For example, while thread 1 is active, re-steer information is fed from the different re-steer logic 222,224,226,228,230,232 to MUX1 218 and is allowed by the common multiplexer 246 to pass to the processor pipeline. The common multiplexer 246 chooses between the different multiplexers 218,220 based on which one is active. During this operation, the re-steer information is fed to the multiplexer 218 directly from whichever re-steer logic 222,224,226,228,230,232 [260 collectively]. Because of the nature of pipelining, as the different threads change between active and inactive states, different stages within the pipeline can be processing different threads simultaneously.
While thread 1 is active and is being fed into the processor, thread 2 is inactive. Re-steer information necessary for thread 2 must be saved during the inactivity of thread 2 in order to prevent loss. Therefore, in a typical multithreaded processor, each re-steer logic component 224,226,228,230,232 has a storage element 256,254,252,250,248 associated with it to save instruction pointer information. When thread 1 becomes inactive, because of an event such as a stall in waiting for another process' output or because of a pre-determined number of clocks passing, thread 2 can then become active once again. MUX2 220 can then receive the pre-recorded re-steer information 258 to resume activity as if no interruption had occurred.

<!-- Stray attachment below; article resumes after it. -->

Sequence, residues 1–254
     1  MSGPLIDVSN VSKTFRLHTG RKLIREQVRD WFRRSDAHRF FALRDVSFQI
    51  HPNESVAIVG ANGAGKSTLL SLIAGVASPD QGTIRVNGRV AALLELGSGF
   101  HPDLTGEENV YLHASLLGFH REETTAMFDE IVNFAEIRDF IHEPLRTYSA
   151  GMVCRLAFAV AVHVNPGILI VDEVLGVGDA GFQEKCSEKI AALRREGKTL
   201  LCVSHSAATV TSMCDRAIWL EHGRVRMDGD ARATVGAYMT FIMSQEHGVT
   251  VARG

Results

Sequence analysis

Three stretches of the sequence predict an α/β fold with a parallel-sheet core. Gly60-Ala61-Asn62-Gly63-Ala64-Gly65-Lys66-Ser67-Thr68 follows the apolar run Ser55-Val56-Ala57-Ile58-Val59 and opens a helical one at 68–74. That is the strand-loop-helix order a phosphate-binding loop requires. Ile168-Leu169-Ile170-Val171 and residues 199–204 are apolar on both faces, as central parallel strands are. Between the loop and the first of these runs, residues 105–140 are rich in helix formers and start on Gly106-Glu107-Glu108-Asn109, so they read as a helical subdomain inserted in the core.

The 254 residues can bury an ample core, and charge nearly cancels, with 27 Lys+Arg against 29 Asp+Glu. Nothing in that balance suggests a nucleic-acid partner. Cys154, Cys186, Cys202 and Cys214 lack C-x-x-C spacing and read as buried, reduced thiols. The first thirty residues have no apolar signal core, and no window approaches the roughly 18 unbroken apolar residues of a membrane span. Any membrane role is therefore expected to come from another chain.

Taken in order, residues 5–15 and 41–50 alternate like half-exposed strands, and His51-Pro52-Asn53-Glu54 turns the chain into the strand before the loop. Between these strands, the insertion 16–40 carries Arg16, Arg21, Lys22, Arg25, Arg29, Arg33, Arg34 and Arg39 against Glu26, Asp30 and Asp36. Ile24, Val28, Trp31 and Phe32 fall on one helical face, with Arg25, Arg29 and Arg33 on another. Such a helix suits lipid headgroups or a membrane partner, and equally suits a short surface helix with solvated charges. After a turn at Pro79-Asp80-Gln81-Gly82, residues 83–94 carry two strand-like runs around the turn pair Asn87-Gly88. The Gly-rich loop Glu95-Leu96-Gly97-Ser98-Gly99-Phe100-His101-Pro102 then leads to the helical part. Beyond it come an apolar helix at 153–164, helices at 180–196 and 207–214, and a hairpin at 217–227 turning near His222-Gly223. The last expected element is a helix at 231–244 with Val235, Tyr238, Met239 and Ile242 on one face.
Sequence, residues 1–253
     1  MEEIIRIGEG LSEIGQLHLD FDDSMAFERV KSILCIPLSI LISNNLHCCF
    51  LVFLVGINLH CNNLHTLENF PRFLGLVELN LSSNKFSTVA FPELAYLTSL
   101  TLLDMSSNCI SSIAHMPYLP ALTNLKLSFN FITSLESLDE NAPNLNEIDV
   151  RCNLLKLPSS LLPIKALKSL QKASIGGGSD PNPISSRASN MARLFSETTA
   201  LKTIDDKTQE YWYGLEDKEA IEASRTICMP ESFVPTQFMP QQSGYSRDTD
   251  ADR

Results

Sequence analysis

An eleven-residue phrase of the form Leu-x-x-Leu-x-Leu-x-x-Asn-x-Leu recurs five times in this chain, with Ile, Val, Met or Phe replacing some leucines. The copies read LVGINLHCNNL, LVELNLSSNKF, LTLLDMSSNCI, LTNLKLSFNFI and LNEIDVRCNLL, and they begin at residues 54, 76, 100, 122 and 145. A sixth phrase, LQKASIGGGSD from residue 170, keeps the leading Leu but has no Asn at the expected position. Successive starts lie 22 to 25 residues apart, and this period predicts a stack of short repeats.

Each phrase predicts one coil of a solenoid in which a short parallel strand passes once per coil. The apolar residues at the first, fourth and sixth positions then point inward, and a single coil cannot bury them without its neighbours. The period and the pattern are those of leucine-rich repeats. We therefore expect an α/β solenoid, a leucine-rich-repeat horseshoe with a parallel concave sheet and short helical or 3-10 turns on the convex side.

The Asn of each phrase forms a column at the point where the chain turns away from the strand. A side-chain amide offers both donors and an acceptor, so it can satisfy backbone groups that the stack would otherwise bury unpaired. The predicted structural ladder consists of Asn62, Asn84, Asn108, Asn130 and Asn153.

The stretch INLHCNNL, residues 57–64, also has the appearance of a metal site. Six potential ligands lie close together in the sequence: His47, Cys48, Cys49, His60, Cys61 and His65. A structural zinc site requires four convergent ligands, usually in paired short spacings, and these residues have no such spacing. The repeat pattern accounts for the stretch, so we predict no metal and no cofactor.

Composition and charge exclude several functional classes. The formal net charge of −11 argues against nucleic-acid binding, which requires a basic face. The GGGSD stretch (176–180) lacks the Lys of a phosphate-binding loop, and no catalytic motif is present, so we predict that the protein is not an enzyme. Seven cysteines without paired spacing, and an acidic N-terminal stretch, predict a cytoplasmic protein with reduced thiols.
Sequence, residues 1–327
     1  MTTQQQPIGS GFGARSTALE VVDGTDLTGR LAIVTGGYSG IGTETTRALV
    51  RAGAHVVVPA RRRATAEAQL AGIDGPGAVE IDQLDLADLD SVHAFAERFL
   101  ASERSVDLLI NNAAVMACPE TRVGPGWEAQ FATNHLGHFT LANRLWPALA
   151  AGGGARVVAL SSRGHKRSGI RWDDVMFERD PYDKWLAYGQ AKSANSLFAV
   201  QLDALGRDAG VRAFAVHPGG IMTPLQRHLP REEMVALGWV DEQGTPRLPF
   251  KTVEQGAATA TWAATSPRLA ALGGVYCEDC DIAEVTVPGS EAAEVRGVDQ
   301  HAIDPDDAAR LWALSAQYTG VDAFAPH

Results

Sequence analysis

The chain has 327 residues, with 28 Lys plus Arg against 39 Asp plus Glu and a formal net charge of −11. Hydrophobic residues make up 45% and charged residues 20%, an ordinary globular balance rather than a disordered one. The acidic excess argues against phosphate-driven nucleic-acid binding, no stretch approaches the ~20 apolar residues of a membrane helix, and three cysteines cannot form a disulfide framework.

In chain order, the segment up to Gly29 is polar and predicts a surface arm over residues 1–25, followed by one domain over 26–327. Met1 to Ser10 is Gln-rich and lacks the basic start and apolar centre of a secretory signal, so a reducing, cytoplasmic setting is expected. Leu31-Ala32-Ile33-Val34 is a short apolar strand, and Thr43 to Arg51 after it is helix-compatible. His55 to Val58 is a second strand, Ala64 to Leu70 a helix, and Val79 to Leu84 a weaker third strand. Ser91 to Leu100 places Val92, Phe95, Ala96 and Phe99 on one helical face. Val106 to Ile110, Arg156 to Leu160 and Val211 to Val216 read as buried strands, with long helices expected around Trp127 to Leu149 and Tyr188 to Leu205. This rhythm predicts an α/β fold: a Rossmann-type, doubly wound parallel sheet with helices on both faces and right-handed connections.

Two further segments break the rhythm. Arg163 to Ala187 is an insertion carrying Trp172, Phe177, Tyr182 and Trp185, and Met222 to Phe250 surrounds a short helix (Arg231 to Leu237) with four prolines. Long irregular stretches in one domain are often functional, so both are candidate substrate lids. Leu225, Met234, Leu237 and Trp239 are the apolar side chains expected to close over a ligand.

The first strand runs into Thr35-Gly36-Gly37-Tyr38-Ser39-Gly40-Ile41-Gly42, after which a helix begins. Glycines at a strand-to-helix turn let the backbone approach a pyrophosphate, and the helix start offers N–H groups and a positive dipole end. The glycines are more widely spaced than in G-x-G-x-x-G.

As stated previously, this system for a simultaneous multithreaded processor requires a large amount of hardware because of the individually utilized storage elements and a great complexity in the wiring design.
In an embodiment, the processor next performs the process of ‘register access’ 430, where it reads the appropriate values from the registers. The processor then enters the ‘execute’ stage 432, where it performs the necessary function upon the register values. In an embodiment, the processor then looks to see if an exception was encountered 434. If an exception was encountered 436, an appropriate instruction pointer is generated 438 and provided in the processor 402,404. In an embodiment, the system then looks to see if a branch misprediction occurred 440. If so, an appropriate instruction pointer is generated 442 and provided in the processor 402,404. If there was not a branch misprediction, the value attained by the processor is committed 444.
Although several embodiments are specifically illustrated and described herein, it will be appreciated that modifications and variations of the present invention are covered by the above teachings and within the purview of the appended claims without departing from the spirit and intended scope of the invention.
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|U.S. Classification||712/214, 712/E09.062, 712/E09.053|
|International Classification||G06F9/38, G06F9/30|
|Cooperative Classification||G06F9/3867, G06F9/3851|
|European Classification||G06F9/38P, G06F9/38E4|
|Apr 9, 2001||AS||Assignment|
Owner name: INTEL CORPORATION, CALIFORNIA
Free format text: ASSIGNMENT OF ASSIGNORS INTEREST;ASSIGNOR:KOTTAPALLI, SAILESH;REEL/FRAME:011701/0087
Effective date: 20010313
|Jun 9, 2010||FPAY||Fee payment|